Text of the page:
Israeli court rejects petition to spare Netanyahu from public outcry in corruption probes
The decision gives police the green light to submit their recommendations on the PM’s possible indictment to the attorney general. The highly anticipated release was halted on Sunday due to the petition pending a hearing in court.
While the petition was still being processed, Netanyahu appeared to distance himself from the move.
“We are not familiar with this petition, which was apparently submitted a long time ago. It was of course not done on our behalf, and we were not aware of it,” his office said in a statement, as cited by Ynetnews.
At the same time, the PM attempted to downplay the impact of the looming police report on the attorney general’s final decision, adding “we don’t attach any importance to the recommendations, the value of which everyone now understands.”
Fuchs, meanwhile, did not hide the fact that the petition’s imminent aim was to shield the embattled Israeli leader from a public backlash that may result from the publication of the report. He argued that the attorney general will not be able to stay impartial amid such outcry and will be forced to take the side of the police.
“If Netanyahu needs to be indicted, the attorney general must make a decision to bring charges against him, but he needs to be able to make that decision without public pressure based on police recommendations,” Fuchs told The Times of Israel ahead of the ruling, adding “the law agrees with me.”
The Israeli leader has long been fighting with the country’s law enforcement over Police Commissioner Roni Alsheikh’s decision to proceed with the publication. Last week, after Alsheikh alleged that certain “powerful” elements are trying to compromise the investigation into Netanyahu by collecting information on the officers involved, the Israeli PM called the claims “delusional and false insinuations.”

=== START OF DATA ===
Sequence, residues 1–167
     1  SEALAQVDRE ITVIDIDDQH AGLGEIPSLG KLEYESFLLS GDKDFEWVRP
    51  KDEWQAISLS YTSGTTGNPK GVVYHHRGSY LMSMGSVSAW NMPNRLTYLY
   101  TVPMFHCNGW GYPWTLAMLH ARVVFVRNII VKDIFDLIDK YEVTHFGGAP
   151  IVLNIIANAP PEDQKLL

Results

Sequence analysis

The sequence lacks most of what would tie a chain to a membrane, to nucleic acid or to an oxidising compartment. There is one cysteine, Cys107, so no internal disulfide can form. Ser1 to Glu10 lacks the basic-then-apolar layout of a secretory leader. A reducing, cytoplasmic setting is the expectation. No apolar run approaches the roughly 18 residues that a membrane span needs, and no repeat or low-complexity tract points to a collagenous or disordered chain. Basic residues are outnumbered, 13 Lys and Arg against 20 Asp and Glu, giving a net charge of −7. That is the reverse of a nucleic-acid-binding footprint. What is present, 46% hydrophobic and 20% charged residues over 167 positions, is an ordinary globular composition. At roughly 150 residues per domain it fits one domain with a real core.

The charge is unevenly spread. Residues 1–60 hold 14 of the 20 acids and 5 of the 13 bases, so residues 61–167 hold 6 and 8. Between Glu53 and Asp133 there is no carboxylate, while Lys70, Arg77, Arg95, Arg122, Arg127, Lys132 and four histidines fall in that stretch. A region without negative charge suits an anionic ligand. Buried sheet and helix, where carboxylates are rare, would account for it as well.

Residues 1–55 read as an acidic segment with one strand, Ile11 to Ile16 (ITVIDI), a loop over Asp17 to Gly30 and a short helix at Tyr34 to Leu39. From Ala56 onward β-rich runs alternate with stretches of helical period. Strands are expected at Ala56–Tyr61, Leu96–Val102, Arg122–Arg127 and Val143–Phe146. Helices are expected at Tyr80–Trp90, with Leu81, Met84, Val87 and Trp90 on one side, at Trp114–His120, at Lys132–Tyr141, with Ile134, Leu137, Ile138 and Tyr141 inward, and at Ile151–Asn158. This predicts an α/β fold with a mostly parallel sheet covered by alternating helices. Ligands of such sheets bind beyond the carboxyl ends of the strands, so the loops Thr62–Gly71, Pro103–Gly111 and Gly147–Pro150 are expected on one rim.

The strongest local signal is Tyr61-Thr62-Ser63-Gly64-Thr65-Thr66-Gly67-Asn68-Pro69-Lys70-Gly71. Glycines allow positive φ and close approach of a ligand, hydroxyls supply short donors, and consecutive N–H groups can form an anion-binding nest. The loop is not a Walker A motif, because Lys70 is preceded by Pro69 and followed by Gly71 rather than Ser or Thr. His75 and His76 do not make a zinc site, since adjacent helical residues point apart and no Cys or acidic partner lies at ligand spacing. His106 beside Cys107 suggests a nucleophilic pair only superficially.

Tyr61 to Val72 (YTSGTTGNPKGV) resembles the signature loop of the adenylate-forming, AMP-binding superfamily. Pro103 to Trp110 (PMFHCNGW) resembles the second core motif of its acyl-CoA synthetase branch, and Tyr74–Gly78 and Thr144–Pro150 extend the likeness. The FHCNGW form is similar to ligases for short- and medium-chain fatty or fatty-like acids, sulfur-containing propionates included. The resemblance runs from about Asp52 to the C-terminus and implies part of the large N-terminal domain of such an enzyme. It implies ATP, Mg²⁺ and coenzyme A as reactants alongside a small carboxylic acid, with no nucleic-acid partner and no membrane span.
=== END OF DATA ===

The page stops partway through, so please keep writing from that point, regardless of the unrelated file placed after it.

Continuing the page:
It follows reports that the bribe investigations have entered their final stages. It also comes immediately after the meeting concerning the recommendations, chaired by the police chief, recommend indicting Netanyahu in at least one of the corruption probes.
The Israeli leader is mired in two separate corruption investigations. The first, known as Case 1000, revolves around him allegedly accepting luxury gifts worth tens of thousands of dollars from an Israeli-American billionaire. The second, which is referred to as Case 2000, is focused on his rumored deal with the influential Yedioth newspaper for better coverage in return for a crackdown on its rival outlet. Netanyahu, who denies all the allegations, is likely to face charges in the first probe, Israeli media reported last week.
Since the probes were launched in December 2016, they have grown into a source of recurrent public outrage, with thousands of Israelis taking to streets to protest the “Crime Minister” every Saturday. Late last year, the protest movement was given a boost by Israeli lawmakers, who passed a law aimed at scrapping the procedure of police recommendations to the attorney general. The bill, however, was watered down so that it would not apply to current investigations, including Netanyahu’s.